|Aberdeen Journal Jan. 06, 1915|
EXPERIENCES OF BUCKIE MAN
MEETING WITH GERMAN EX-WAITER
------------Lance -Corporal Imlah at present serving with D Company, 6th Gordon Highlanders, in France, writing home to his father, Alexander Imlah, grocer, High Street, Buckie says:
__" We were in the trenches for four days last week, coming out two nights ago. We had a remarkable experience last week in the trenches. On Christmas morning I was sitting in our trench having breakfast when the word came along--
'The Germans are out of their trenches.' I couldn't credit it at first, but on looking over the top of the trench I was amazed to see large numbers of the Germans standing out in front of their trenches, all without arms. Of course we didn't fire, and when some of the German officers appeared, some of ours got out and went over to them, to inquire, I suppose, the reason why their men were out of their trenches. The German officers then said that they wished an armistice in order to bury their dead. After some conterence, it was agreed to grant the armistice, the reason being that we had dead to bury. Other sentiments also had something to do with it, I think, for was it not Christmas Day, the day of peace and goodwill towards men? We were all glad of the halt anyway, and soon we got started burying the dead. Any of our men who were laying near the German trenches were carried by the Germans to a ditch midway between the trenches, where they were buried by us. Any of their dead on our side of the ditch were carried there to be taken away by the Germans for burial.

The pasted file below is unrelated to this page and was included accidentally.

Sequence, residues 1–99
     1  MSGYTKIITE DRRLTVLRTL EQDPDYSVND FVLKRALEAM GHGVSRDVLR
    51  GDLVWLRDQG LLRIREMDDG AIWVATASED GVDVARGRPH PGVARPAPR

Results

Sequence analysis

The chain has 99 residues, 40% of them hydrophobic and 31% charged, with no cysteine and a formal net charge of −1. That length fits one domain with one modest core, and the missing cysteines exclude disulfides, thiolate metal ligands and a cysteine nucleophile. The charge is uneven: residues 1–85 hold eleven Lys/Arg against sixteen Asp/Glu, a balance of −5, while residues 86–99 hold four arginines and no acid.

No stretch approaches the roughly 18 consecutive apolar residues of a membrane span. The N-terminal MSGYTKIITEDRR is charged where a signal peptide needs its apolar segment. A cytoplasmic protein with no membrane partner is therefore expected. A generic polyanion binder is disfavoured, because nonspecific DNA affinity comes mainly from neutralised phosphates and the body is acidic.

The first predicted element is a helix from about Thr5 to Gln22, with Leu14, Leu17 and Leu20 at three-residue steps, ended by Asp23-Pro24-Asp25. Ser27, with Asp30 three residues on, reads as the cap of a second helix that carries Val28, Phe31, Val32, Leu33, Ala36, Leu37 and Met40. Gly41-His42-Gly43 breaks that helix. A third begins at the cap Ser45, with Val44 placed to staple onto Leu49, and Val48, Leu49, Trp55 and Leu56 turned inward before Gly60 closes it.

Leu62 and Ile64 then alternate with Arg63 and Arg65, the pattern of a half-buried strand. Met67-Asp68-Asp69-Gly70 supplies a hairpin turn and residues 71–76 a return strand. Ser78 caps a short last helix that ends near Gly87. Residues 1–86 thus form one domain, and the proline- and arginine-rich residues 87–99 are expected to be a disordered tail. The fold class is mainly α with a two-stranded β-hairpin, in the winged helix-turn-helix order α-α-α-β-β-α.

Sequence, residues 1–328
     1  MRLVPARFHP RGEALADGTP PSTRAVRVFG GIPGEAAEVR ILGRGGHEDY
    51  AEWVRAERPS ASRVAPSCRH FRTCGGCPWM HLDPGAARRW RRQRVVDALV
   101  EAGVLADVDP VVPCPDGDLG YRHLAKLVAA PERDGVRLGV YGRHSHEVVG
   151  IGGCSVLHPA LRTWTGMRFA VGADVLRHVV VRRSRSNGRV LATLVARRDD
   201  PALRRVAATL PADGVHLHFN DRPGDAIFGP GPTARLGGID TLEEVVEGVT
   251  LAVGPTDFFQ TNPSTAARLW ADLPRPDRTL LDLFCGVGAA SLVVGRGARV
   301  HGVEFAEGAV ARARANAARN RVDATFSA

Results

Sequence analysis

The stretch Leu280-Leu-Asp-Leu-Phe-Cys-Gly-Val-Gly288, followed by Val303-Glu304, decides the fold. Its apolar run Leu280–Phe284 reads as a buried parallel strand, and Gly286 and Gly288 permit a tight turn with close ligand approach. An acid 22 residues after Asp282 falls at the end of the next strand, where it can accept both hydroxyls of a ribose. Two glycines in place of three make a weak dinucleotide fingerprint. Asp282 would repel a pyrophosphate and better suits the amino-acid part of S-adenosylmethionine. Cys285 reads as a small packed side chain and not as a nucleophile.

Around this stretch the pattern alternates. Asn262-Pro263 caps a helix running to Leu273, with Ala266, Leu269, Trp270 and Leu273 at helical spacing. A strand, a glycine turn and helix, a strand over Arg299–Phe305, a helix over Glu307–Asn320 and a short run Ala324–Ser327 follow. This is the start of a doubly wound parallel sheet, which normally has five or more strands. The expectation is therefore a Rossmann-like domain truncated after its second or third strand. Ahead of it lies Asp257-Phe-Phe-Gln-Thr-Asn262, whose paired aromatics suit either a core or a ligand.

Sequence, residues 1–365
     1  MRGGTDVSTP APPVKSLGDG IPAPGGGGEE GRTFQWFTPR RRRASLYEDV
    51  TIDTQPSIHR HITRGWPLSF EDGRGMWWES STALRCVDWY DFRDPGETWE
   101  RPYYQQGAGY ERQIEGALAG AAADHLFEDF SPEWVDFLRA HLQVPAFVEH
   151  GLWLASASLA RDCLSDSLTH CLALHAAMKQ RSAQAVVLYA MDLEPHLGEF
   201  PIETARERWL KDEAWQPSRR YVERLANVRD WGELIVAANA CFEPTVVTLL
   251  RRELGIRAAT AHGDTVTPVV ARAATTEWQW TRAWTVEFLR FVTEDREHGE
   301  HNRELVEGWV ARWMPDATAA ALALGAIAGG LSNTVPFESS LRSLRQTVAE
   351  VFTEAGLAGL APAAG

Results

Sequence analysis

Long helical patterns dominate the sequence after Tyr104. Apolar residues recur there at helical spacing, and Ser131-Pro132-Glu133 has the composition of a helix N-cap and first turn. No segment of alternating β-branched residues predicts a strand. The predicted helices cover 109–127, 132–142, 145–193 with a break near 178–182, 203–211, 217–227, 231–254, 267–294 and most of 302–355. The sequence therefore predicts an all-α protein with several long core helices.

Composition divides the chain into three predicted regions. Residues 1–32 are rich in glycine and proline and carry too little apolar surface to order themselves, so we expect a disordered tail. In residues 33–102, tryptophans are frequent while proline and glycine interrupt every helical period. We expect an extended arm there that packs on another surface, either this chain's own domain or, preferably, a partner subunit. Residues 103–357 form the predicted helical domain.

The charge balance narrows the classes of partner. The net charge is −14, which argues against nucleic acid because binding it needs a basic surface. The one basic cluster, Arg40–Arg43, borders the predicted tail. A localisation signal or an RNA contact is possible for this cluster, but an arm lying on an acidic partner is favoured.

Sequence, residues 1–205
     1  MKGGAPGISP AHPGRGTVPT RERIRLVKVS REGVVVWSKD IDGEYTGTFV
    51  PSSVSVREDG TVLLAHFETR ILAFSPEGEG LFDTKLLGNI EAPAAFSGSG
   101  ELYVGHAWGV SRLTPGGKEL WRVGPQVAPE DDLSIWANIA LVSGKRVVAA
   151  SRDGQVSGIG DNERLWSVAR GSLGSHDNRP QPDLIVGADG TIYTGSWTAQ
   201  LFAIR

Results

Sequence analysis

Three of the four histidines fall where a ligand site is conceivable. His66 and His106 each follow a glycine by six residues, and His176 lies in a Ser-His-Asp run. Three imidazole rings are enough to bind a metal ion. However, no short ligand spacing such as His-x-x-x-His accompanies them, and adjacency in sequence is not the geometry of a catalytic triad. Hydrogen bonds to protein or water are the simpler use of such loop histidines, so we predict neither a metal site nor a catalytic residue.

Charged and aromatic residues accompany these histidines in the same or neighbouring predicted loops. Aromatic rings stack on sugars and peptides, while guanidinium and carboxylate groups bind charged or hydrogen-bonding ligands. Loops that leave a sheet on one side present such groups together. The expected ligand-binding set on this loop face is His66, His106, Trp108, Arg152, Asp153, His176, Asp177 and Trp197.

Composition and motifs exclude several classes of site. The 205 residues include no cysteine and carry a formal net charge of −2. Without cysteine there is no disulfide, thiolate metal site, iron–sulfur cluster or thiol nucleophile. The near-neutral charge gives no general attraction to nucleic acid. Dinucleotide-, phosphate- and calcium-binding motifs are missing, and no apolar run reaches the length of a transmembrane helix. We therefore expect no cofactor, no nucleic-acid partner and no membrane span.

GERMAN STUDENT AS A PRIEST.
Our padre, who very fortunately, had happened to come up to the trenches that morning, to wish us a Merry Christmas, arranged to have a service. After the burials were completed, we lined up on opposite sides of the ditch, officers in front and burial parties in rear-- I was very proud to be one of our party on such an occasion. Our padre then gave a shot service, one of the items in which was Psalm xxiii, Thereafter a German solider, a divinity student, I believe, interpreted the service to the German party. I could not understand what he was saying, but it was beautiful to listen to him, he had such an expressive voice. The service over, we were soon fraternising with the Germans, just as if they were old friends. We have all heard of the terrible atrocities perpetrated by the Germans, but really from our intercourse with some them on Christmas Day, one could hardly believe them capable of the terrible acts that have been laid at their door. Some of them could speak English fluently-- one had been a waiter in the Hotel Cecil, London-- and I gathered from them that they were pretty well tired of this horrible business. Souvenirs in the the form of silver coins, pipes, cigarettes, tobacco, etc. they handed out all round, and anything we gave them in return seemed to be very much appreciated. They all looked a happy lot any way, and seemed to be well cared for.
A COMPACT WITH THE ENEMY.
The armistice was supposed to last till 4 p.m. on Christmas Day, after which time we were told any man who left the trenches would take a risk of being fired at. However, we ourselves made a compact with the enemy that there would be no shooting at all that day, and you may be sure we kept our promise, and next morning arrived without a shot being fired. Again the news came that the Germans were out of their trenches, and sure enough there they were walking about. Some of our chaps were soon over amongst them, and through the day several of them had shaves from the Germans, and souvenirs were continually passing. We left the trenches that afternoon, and to-day I hear the armistice still continues, each side evidently refusing to start firing. This can't last, of course, but I hear that we are going to have an armistice again on New Year's Day, which is our day. This comedy, for it has now developed into such, is only occurring along our immediate front of course.
I must now be finishing as the see the hour is getting late. There is much more I might tell you of, but it would take too much space to tell you everything, and I must have some regard for the poor censor, who has to read all this. We have received Queen Mary's present-- a very handsome gift it is. I will try to get it send home.